If you want to run Microsoft’s brand new Windows 10 S operating system, you won’t also be running Google Search or Google Chrome browser. Microsoft confirmed earlier reports that this was the case on Wednesday.
Earlier this week, Microsoft (MSFT) introduced Windows 10 S with much fanfare as a slimmed-down, fast, version of its money-making operating system. The goal is to make it available on inexpensive PCs that will be attractive to budget-minded schools, where Google (GOOGL) Chromebooks running Google’s Chrome OS and Google Search have done very well.
That’s probably why Windows 10 S, according to the product’s web site, “works exclusively with compatible apps from the Windows Store.” Chrome is not available there.
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It’s possible non-Microsoft browsers will show up on that online-storefront over time—but it is doubtful that Chrome would be one of them. And even if a user downloads an non-Microsoft browser from the store, Edge would remain the default.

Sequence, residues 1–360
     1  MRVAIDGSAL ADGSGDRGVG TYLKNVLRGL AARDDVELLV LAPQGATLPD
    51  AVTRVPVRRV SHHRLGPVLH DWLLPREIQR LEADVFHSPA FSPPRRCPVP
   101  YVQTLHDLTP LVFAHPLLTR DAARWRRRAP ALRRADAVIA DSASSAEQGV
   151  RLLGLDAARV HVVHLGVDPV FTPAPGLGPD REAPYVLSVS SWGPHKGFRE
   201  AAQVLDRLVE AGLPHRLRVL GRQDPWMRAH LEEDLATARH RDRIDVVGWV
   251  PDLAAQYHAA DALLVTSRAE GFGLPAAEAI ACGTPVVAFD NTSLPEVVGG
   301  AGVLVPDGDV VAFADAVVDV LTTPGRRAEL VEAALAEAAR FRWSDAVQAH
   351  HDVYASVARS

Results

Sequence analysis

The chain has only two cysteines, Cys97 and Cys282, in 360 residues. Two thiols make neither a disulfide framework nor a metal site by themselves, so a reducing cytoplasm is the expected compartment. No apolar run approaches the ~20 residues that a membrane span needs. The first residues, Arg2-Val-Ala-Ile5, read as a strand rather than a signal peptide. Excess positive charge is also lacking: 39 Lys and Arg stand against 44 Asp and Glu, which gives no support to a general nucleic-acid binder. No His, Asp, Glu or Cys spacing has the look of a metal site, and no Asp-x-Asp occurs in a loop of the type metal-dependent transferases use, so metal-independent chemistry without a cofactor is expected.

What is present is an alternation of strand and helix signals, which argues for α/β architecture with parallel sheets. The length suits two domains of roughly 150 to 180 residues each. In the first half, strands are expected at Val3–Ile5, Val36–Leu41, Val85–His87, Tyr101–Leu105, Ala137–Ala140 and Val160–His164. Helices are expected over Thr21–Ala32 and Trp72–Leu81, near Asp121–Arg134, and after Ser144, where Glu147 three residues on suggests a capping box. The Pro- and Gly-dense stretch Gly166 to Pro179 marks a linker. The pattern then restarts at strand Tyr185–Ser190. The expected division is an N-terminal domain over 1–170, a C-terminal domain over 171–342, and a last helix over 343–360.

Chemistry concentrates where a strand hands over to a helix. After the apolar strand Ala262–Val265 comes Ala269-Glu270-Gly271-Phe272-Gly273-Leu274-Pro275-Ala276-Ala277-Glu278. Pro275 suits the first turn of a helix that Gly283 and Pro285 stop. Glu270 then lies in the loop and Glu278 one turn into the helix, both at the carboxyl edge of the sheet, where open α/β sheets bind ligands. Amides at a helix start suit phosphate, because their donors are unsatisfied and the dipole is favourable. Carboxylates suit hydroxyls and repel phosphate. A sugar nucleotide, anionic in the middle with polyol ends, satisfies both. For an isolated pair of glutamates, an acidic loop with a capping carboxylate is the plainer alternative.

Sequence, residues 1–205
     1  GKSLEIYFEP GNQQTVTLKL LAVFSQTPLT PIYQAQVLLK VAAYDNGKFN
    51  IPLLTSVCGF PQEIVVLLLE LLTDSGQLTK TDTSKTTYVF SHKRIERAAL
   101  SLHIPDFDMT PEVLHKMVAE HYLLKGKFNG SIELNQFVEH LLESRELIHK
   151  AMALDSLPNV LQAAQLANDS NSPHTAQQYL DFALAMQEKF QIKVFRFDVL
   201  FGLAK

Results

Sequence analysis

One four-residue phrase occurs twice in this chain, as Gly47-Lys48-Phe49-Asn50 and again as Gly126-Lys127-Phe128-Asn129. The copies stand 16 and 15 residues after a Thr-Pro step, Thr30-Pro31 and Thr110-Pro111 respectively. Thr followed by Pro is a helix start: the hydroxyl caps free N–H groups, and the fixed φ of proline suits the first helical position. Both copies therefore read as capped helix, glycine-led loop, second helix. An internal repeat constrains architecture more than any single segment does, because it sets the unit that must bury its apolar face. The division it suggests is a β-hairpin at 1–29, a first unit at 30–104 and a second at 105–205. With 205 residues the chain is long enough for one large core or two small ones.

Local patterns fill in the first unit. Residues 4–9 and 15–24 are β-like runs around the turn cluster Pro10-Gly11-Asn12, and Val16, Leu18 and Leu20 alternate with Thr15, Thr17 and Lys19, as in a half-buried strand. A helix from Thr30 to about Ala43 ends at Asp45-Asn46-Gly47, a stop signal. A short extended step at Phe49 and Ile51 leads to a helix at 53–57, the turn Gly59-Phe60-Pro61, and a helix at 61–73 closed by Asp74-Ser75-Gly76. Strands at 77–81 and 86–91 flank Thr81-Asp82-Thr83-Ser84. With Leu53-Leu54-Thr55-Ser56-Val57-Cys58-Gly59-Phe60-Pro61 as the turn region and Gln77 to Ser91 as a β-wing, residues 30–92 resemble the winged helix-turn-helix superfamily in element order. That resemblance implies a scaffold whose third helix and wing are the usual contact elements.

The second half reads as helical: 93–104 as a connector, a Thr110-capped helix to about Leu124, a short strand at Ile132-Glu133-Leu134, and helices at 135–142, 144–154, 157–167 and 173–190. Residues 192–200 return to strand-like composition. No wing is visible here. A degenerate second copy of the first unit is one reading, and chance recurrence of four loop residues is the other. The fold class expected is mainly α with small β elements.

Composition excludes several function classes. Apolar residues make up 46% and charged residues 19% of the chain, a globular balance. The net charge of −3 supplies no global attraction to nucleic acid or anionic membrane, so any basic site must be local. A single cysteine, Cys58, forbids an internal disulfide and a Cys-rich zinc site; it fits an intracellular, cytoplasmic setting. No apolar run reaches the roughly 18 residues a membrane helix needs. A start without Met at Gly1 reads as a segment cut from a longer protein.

Related: Meet Microsoft Windows 10 S
Responding to a request for comment, a Microsoft spokeswoman replied to Fortune via email: “We believe Microsoft Edge and Bing provide the best and most secure experience on Windows 10 S. Customers are in control of their Windows experience and users who prefer to install apps from outside the Windows Store and modify default settings can choose Windows 10 Pro instead.”
Related: Microsoft Plans Chromebook Killer
In announcing Windows S (along with a new $999 Surface Laptop), Microsoft executive vice president Terry Myerson also said an array of new PCs from partners will be available with starting prices as low as $189. Chromebooks can be bought for as little as $179.